Eastern world


Eastern world

The term Eastern world refers very broadly to the various cultures or social structures and philosophical systems of Eastern Asia or geographically the Eastern Culture. This includes the Indian subcontinent (comprising Bangladesh, Bhutan, India, Pakistan, Sri Lanka, the Maldives, Nepal and occasionally Afghanistan), the Far East (comprising China, Taiwan, Vietnam, Cambodia, Malaysia, Mongolia, Indonesia, Japan, North Korea, South Korea). The Middle East/Near East, and Central Asia sometimes are considered being a part of East Asia.

Contents

Introduction

An image of the "Eastern world" defined as Asia.

The division between "East" and "West" is a product of European cultural history, and of the distinction between European Christendom and the alien cultures beyond it to the East. With the European colonization of the Americas the East/West distinction became global. The concept of an Eastern, "Indian" (Indies) or "Oriental" sphere was emphasized by ideas of racial as well as religious and cultural differences. Such distinctions were articulated by Westerners in the scholarly tradition known as Orientalism and Indology. People from the East are known by certain regions in the West as "Oriental". During the Cold War, the term "Eastern world" was sometimes used as an extension of Eastern bloc, connoting the Soviet Union, China and their communist allies, while the term "Western world" often connoted the United States and its NATO allies such as the United Kingdom. The concept is often another term for the Far East—a region that bears considerable cultural and religious commonality. Eastern philosophy, art, literature, and other traditions, are often found throughout the region in places of high importance, such as popular culture, architecture and traditional literature. The spread of Buddhism and Hindu Yoga is partly responsible for this.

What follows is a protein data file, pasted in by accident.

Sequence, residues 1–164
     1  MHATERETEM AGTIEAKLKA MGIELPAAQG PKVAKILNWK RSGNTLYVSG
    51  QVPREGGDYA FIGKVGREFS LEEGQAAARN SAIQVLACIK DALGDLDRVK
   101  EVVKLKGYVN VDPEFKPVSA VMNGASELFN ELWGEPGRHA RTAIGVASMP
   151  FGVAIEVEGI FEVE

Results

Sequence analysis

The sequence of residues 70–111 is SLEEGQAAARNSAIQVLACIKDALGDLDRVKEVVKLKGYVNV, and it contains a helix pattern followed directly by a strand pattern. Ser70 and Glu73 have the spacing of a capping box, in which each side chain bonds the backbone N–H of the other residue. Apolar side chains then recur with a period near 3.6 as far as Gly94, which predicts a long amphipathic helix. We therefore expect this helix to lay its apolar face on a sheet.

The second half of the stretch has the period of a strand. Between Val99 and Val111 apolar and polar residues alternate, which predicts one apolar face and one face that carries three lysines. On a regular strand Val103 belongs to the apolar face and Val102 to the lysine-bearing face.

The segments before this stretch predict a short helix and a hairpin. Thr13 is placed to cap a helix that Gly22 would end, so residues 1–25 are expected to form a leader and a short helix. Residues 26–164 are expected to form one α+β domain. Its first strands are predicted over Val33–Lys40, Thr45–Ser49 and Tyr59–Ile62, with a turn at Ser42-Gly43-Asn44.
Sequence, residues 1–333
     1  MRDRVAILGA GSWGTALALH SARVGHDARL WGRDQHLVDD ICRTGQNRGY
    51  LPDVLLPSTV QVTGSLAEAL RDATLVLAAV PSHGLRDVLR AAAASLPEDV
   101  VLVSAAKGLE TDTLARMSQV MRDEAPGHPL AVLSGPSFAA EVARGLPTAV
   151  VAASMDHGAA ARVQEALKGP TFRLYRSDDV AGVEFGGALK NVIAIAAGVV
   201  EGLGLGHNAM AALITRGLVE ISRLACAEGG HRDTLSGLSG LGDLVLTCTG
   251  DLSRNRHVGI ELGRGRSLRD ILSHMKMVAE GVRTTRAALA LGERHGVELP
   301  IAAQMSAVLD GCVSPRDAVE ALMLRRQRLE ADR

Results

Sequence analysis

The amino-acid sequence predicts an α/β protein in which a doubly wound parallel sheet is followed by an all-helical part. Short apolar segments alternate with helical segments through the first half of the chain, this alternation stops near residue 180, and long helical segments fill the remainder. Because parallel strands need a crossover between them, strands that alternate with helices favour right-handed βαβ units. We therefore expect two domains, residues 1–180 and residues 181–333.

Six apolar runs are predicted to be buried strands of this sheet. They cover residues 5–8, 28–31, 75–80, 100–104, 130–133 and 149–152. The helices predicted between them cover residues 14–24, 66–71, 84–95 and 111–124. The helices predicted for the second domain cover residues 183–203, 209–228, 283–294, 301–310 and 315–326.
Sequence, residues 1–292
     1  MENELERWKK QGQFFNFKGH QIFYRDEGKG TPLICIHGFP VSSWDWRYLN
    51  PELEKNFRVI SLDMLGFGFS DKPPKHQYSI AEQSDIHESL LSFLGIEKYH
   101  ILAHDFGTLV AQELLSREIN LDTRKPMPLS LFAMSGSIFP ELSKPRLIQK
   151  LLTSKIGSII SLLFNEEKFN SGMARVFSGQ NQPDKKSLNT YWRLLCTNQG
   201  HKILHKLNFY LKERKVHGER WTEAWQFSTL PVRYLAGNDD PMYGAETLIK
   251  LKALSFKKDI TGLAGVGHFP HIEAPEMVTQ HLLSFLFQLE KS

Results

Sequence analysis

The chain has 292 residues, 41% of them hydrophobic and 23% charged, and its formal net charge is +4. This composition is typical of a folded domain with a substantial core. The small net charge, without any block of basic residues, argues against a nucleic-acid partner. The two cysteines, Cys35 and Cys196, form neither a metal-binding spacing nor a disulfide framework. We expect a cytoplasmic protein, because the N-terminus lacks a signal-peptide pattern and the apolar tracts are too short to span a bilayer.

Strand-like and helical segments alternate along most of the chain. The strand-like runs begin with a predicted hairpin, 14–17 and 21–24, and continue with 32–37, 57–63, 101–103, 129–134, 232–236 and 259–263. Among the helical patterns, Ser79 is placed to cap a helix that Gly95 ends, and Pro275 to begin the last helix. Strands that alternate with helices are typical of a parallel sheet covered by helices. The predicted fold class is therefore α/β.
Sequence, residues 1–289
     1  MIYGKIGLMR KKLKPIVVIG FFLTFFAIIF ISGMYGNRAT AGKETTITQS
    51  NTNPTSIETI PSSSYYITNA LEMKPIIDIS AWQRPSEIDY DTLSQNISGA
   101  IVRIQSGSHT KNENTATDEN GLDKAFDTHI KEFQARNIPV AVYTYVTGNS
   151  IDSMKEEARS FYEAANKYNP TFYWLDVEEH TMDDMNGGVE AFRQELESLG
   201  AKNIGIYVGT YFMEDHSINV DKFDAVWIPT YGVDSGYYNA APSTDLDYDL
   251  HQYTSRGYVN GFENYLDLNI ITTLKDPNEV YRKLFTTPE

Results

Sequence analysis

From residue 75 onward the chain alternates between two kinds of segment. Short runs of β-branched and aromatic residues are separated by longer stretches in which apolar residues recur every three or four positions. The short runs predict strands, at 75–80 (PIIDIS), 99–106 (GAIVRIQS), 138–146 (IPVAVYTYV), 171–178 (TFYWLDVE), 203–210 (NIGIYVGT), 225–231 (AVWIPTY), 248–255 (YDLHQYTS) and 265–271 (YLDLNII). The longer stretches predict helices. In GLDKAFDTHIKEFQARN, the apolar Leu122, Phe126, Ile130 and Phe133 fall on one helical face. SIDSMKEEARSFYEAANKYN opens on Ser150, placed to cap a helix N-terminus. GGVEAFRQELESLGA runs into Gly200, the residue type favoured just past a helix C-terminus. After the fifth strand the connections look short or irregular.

Eastern culture

An image of the "Eastern world" defined as the "Far East", consisting of three overlapping cultural blocks: East Asia, Southeast Asia, and South Asia.
The distribution of the two major families of world religion, Dharmic religion and Abrahamic religion, highlights the religious difference between the Far East and the rest of the world.

Eastern culture has developed many themes and traditions. Some important ones are:

References

  • Ankerl, Guy (2000) [2000]. Global communication without universal civilization. INU societal research. Vol.1: Coexisting contemporary civilizations : Arabo-Muslim, Bharati, Chinese, and Western. Geneva: INU Press. ISBN 2-88155-004-5. 

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